The man put his beer glass on the table on top of the coaster. The foam rested at the bottom of the cup like the thin layer of ice that blows over a frozen lake, barely there at all passing with the wind. He stared at her back and liked how she leaned on her right hip and put the toe of her left high-heel to the ground, rocking the nose of the shoe back and forth like she was thinking about something playfully frivolous. Behind him, the noise of his friends became a hollow echo, drowned out by the draw of this woman. She swung her left heel back and forth like a pendulum trying to hypnotize him. Someone touched his shoulder but he shrugged the hand away as in this echo chamber he could only hear the music change tracks on the juke box. The song had changed to an old Ottis Redding song and there was nothing else in the world that he wanted to listen to in that moment. As he watched her, leaning into the bar seemingly all alone, no boyfriend or girlfriend in sight, he saw her raise her glass to the barman and knew she had something by the gentle nod of the back of her head. He then saw her point with her left finger and tap the rim of the glass. Her drink was empty. She wanted another drink. He would buy her another drink.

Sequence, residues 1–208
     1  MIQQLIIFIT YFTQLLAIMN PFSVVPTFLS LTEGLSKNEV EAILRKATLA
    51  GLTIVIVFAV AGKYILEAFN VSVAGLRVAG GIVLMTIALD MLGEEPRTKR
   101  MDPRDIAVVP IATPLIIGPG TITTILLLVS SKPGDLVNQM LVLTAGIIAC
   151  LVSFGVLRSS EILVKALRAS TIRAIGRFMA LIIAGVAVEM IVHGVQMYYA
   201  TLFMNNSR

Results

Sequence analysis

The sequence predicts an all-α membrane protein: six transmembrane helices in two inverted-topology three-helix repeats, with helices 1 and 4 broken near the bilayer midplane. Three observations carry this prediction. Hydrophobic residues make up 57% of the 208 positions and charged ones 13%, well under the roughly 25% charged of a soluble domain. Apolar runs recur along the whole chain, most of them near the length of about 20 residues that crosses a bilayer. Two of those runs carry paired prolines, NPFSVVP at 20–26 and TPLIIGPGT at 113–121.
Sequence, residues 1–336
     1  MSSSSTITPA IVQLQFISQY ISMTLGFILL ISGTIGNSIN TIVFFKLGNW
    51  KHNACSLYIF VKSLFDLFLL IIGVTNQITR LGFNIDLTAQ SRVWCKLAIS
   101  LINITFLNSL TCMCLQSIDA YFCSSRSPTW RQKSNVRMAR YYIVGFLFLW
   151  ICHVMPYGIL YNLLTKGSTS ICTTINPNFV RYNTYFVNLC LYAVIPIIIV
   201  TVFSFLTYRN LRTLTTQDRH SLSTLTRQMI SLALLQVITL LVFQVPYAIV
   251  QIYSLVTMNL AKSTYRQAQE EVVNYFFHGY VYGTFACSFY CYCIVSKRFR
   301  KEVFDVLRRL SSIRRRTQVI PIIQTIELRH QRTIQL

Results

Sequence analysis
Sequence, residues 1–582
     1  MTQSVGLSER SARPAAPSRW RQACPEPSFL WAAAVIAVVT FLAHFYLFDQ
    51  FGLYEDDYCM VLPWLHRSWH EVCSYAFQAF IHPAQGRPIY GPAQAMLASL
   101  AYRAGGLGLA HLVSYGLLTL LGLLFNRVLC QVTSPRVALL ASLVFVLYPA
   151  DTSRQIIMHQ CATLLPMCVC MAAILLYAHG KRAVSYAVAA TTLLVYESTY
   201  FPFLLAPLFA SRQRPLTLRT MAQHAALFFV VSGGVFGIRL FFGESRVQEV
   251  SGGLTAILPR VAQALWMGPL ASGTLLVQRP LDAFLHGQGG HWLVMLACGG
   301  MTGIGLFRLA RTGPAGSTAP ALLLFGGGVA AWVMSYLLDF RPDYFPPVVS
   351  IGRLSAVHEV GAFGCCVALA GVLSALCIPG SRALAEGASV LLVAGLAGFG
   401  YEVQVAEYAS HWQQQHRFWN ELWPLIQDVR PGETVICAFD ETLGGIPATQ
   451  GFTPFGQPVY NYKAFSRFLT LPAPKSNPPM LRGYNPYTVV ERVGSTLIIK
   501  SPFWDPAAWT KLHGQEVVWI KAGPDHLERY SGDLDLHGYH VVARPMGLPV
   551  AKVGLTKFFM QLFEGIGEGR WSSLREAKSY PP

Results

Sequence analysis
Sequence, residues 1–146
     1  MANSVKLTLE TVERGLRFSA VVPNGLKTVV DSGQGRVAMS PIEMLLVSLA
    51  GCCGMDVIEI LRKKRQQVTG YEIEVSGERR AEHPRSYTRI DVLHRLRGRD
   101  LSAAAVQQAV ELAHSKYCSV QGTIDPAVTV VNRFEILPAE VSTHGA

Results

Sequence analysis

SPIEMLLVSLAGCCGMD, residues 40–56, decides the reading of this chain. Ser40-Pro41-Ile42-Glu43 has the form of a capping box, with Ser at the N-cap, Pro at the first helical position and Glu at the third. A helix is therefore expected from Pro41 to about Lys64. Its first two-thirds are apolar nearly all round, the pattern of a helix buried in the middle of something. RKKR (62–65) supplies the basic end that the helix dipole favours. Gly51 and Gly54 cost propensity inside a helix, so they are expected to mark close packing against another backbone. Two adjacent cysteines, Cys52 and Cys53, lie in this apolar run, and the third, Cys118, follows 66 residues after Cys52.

"There is nothing in this world that a man is more responsible for than getting a woman like this a drink," he nodded, thinking to himself and trying to pick up his courage,"One that plays with my heart like a kitten would a spool of yarn, and yet also like a vulture who would peck out the eyes of a dead man in the desert. This is nothing more then that obligation. A rule passed down from man to man, from age to age, where chivalry was not for the base reason to lay with the woman, but to honor them, praise them lightly as the rain from a heavy mist and show them to the pedestal every woman, whether they wish to admit it or not, do wish for, sincerely do at least once in there life." He readjusted his belt and realigned his shirt that had gotten crooked after the celebratory cheer and thought some more,"I'm not going to do that here, this pedestal stuff. This is more like a step toward that pedestal. Yes. A step toward the shrine she wants to trust she deserves and will one day end up on. And this shrine is all cast and painted in the blurry french film noir of dream, is it not? Aren't dreams the only thing we hope to one day come true? How often - when and if they do come true - they can sometimes disappoint and eventually turn sour like a bad orange. I hope she is drinking and that wasn't just a tonic water. If this woman doesn't drink I don't think any of this will be worth anything at all."